EFFECTS OF COVID -19 ON CHILDREN’S PSYCHOSOCIAL WELL-BEING
The Covid -19 crisis can bring with it opportunities for personal growth and family cohesion, disadvantages may outweigh these benefits for children. It may be a particularly challenging time especially for children with special needs, such as children with disabilities, traumatic experiences, already existing mental health problems, migrant background and low socio-economic status. The effect could include but not limited to;
Feeling of Anxiety:
Children especially older ones, are likely to be experiencing worry, anxiety and fear, this can include the types of fears that are very similar to those experienced by adults, such as a fear of dying, a fear of their relatives dying and been left alone, the fear of who will take care of me if care -givers dies or a fear of what it means to receive medical treatment for Covid -19.
Lack of peer contact:
If schools have closed as part of necessary measures, then children may no longer have that sense of structure and stimulation that is provided by that environment, and now they have less opportunity to be with their friends and get that social support that is essential for good mental well-being.
Reduced opportunities for stress regulation:
Some children and young people may be feeling more isolated, bored and uncertain. They may feel fear, and grief, over the impact of the virus on their families which could be psychologically stressing resulting in inability to cope with the stress.
Increased risk for mental illness:
School closure, lack of outdoor activity, aberrant dietary and sleeping habits are likely to disrupt children’s usual lifestyle and can potentially promote distress, impatience, annoyance and varied neuropsychiatric manifestations
Poor households have less secure sources of income and fewer assets, less access to healthcare and more co-morbidities, and fewer tools to connect to distance learning whether a television, a radio, or an online device, and are more likely to pull children out of schools. Similarly, children with disabilities and special needs are especially hard to serve through distance programmes during this covid -19 period. Furthermore, the longer schools remain closed during pandemic period and the deeper the economic contraction wrought by the pandemic on children .
Many children get their only meal a day in schools. Globally, almost half of all school children rely on school for regular sources of nutrition with the lockdown it becomes difficult despite UNICEF effort to provide food to homes with children.
Not all children have the necessary knowledge, skills and resources to keep themselves safe online, this leaves them vulnerable to online sexual exploitation, violence, and bullying. Children’s reliance on online platforms for distance learning has also increased their risk of exposure to inappropriate content and online predators
As a result of social distancing, lockdown orders and repurposed infrastructure, many routine immunization campaigns have been paused around the world, leaving children vulnerable to the potential resurgence of vaccine-preventable diseases.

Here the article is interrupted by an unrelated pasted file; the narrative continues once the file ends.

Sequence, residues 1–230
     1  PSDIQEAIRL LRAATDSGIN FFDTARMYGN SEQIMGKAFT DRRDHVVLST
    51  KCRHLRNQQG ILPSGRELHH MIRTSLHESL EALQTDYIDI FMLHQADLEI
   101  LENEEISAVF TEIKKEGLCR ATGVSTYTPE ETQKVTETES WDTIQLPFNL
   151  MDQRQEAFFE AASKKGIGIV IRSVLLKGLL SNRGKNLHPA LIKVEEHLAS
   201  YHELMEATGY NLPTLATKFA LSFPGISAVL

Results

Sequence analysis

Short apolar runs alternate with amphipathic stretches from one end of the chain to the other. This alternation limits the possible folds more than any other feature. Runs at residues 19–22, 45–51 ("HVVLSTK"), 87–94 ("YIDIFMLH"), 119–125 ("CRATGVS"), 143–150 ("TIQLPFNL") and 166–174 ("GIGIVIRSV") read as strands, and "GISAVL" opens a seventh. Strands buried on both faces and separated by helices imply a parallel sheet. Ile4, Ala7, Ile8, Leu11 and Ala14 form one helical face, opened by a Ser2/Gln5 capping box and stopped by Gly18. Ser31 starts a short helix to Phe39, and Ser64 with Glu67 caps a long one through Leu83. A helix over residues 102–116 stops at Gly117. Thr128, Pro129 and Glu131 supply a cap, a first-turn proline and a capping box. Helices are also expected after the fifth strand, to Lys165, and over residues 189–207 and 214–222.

For most children, home represents a source of security and safety. But for a minority, the opposite is tragically the case. Violence by caregivers is the most common form of violence experienced by children, especially during the covid 19 period. Children are also often witnesses to domestic violence against women, the rates of which are thought to have increased in many countries, as detailed in the policy brief on the impact of COVID-19 on women. Such acts of violence are more likely to occur while families are confined at home and experiencing intense stress and anxiety
Lockdowns during this covid 19 period, come with heightened risk of children witnessing or suffering violence and abuse. Children in conflict settings, as well as those living in unsanitary and crowded conditions such as refugee and IDP settlements are more affected and the children from marginalized communities are particularly susceptible to the infection and may suffer from extended ill-consequences of this pandemic, such as child labor, child trafficking, child marriage, sexual exploitation and death and so on. Children of single parent and frontline workers suffer unique problems also.
Threats to child survival and health:
Economic hardship experienced by families as a result of the global economic downturn could result in hundreds of thousands of additional child deaths in 2020.
Falling into poverty:
An estimated 42-66 million children could fall into extreme poverty as a result of Covid -19 crisis, this year according to WHO, adding to the estimated 386 million children already in extreme poverty in 2019.
Children with disabilities are among those most dependent on face-to-face services which includes; health, education and protection that have been suspended as part of social distancing and lockdown measures. They are also least likely to benefit from distance learning solutions. Children living in institutions and detention, including child migrants face a different kind of vulnerability as their continued care is easily put in jeopardy at a time of crisis.